The Brown Betty is a purely rational design, stripped of anything superfluous to its function and production methods” explains Ian, who over the course of his studies sourced multiple Brown Bettys of various shapes, dates and manufacturer to evaluate the principles behind the design transformation. He discovered that over the years the Brown Betty form migrated into a globe, which was seen as the best shape to infuse the loose-leaf tea when water was added. The shape and the wall-thickness combine to keep the tea warm.

The most innovative maker of Brown Betty was Alcock, Lindley and Bloore, who operated through the 20th century. The body of an Alcock, Lindley and Bloore teapot was made in three parts. The globe was pressed before the handle and spout were applied. This enabled a potter to crudely punch a grid of holes into the globe before attaching the spout. The grid held the tea leaves in the globe when pouring. These are details which the Brown Betty sadly lost over the years, as they were cast in one-piece moulds to reduce manufacturing costs. Ian, however, saw these details as fundamental to the authenticity of Brown Betty and set about making pots of his own to further understand the delicacy of the design detail.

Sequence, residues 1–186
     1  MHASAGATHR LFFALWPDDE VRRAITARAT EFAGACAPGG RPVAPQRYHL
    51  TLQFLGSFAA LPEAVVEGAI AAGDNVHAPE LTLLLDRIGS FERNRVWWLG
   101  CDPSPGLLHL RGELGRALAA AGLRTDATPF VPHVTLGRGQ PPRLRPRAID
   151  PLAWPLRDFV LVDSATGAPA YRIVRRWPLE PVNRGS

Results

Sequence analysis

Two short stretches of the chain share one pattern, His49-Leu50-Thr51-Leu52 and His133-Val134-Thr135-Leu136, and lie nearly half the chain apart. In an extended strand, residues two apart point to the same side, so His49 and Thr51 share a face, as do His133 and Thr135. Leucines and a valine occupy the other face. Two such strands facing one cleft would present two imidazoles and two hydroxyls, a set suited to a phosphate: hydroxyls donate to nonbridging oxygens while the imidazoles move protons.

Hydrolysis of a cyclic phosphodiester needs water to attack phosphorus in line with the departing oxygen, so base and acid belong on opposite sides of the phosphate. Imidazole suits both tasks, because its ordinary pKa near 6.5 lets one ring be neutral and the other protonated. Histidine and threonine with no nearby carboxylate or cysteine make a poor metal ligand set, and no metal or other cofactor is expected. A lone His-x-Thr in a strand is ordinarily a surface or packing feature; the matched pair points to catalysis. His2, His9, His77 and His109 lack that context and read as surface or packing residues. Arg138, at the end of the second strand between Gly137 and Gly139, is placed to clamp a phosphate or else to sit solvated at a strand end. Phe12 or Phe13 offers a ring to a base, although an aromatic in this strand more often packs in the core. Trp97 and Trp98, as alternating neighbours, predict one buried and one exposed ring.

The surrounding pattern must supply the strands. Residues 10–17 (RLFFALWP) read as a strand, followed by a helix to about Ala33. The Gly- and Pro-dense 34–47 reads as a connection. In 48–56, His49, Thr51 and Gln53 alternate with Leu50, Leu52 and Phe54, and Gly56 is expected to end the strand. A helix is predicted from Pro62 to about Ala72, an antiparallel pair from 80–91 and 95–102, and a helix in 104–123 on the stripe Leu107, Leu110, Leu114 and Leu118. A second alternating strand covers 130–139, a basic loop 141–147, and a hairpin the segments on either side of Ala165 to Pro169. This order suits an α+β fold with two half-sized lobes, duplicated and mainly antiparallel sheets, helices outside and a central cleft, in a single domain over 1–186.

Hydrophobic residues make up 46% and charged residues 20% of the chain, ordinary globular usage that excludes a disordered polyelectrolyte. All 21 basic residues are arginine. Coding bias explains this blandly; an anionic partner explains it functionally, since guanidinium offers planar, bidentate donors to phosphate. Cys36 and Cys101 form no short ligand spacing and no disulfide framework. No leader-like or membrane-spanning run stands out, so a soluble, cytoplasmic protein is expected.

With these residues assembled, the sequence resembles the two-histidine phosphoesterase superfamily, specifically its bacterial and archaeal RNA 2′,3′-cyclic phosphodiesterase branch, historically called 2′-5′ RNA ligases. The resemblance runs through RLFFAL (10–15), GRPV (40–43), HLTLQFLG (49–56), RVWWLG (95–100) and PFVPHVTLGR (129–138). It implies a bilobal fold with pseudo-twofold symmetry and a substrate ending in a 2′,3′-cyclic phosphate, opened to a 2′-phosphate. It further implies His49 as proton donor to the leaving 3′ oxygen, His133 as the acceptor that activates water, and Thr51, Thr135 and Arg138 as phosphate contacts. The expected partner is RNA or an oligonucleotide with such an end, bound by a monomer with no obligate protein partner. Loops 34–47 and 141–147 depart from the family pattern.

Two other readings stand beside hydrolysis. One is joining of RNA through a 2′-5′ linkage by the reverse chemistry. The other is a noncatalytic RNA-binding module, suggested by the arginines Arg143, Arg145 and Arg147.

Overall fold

Ian McIntyre in his studio removing the mould from a prototype Brown Betty
Ian McIntyre in his studio removing the mould from a prototype Brown Betty

He discovered that the handle presented a functional and ergonomic shape, with the generous loop positioning the gripping hand for easy leverage of the pot. This also minimised the strain on the wrist – when pouring and the return at the top of the loop prevented knuckles burning on the globe. At first sight the spout of the historic pots he analysed appeared poorly finished, but they had been rough-cut deliberately by a craftsman. The sharp edges at the opening – and just underneath the lip – cut the flow of water, preventing tea from dribbling back down the outside of the pot. To be certain that tea would not dribble a patented non-drip spout had been introduced as an optional feature. Functioning like a tap the spout ensured a straight pour and almost magically eliminated drips.

Photograph by Angela Moore